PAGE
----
A positive and constructive way to look at the Greek Crisis
A few reasons why cooperation is needed to make the EU working during crisis
Beppe Severgnini, a famous Italian journalist, essayist and columnist, embodies one of the rare positive voices on the Greek situation and the European Union (EU).
In a recent comment on the Italian daily Corriere della Sera, Severgnini compares the EU to a car, whose tyre is flat. In these cases, the driver makes an effort to change the tyre and he certainly does not get rid of the entire car. It should be the same for the EU, which has brought a number of benefits to all its citizens during these years.
Besides the monetary crisis, "Europeans have enjoyed peace, free movement, a sense of belonging to several other countries different from the home one in the last 60 years", Severgnini argues. Furthermore, he tells off those who use "apocalyptic tones" within this scenario. Even Americans and Asians seem more positive than Europeans on the actual situation, which definitely fosters anxiety towards the future, but it should not work as a deterrent to move forward.
Severgnini sees extremist leaders such as Beppe Grillo, Matteo Salvini, Marine Le Pen, Nigel Farage, Viktor Orban, Andrzej Duda as the enemies of Europe. In fact, their propaganda depicts a portrait far different form the real one, where the widespread concern about Greece highlights the increased "sense of belonging to a continent, to a democracy and to a culture".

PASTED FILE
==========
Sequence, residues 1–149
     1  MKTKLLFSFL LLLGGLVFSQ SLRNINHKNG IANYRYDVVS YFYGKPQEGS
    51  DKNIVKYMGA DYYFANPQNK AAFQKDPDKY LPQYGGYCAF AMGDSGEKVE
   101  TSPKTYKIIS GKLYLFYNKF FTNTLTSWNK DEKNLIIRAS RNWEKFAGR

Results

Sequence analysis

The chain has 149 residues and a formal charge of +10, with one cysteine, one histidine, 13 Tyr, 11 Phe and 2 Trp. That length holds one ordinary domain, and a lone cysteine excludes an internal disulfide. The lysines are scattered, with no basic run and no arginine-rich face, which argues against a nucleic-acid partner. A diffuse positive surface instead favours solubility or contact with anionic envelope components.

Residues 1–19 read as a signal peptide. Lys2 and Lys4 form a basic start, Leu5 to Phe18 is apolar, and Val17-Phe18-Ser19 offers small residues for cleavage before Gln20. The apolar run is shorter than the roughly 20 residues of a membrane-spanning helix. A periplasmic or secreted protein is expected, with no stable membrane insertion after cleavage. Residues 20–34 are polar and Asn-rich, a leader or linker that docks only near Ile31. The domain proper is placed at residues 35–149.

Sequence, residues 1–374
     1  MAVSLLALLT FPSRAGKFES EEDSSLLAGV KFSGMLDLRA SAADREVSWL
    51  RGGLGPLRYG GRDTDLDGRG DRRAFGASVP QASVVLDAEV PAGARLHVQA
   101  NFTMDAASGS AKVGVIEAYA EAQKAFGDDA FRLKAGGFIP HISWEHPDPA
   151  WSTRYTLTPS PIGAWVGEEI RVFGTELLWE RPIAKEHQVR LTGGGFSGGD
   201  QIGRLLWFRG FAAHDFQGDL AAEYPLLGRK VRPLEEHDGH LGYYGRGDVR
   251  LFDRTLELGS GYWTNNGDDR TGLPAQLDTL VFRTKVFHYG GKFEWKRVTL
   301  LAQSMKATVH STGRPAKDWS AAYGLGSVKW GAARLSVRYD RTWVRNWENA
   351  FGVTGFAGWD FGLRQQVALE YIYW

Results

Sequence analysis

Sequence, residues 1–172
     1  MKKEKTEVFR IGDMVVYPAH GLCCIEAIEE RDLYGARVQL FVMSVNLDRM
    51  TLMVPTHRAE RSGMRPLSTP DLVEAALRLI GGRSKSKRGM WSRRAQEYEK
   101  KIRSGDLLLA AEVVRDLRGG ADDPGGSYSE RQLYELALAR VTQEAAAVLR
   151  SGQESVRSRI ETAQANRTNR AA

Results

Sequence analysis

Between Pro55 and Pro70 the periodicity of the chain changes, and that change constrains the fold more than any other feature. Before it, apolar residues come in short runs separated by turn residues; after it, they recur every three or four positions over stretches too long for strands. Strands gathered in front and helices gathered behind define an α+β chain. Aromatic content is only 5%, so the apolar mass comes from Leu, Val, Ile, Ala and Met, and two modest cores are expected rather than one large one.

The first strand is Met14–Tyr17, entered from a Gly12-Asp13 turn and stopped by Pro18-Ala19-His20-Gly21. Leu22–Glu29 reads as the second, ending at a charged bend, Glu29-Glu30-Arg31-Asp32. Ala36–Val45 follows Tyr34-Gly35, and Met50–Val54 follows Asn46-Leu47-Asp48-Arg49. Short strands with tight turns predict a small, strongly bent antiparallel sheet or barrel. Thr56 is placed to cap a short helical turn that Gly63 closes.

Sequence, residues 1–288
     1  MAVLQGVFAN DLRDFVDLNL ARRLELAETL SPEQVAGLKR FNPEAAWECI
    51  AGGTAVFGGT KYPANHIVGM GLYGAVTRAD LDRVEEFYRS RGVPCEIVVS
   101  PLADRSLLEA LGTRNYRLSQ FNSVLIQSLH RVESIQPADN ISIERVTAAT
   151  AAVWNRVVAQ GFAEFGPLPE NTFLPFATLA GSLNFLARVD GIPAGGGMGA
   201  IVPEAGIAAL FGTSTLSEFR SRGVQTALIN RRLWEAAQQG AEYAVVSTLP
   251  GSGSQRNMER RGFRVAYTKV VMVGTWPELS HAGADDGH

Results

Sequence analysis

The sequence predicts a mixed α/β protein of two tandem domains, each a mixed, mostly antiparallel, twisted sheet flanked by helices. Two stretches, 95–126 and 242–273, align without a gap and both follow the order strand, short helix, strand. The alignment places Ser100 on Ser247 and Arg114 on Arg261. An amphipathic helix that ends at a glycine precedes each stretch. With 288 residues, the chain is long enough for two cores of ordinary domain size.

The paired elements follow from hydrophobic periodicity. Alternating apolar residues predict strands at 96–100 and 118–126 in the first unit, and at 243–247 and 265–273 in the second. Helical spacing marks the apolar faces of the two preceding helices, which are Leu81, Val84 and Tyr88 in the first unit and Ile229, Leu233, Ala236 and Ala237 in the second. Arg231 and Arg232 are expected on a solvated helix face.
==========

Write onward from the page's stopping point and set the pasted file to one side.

Nonetheless, the Italian columnist points out the fact that Greece was not ready to become part of the Eurozone and we are now paying the price of cheating in public budget and the lack of an adequate control from Brussels. Still, one should not forget the benefits deriving from a united Europe. Nation states do not have to disappear but work together to address the problems deriving from a very complex world.
We should look at the United States, Severgnini argues, and be inspired by their determination to carry on with their project of unity, in spite of the huge trials along the path. Finally, recalling the initial metaphor, Severgnini stressed that "tyres can be repaired, but one should always know the way to go".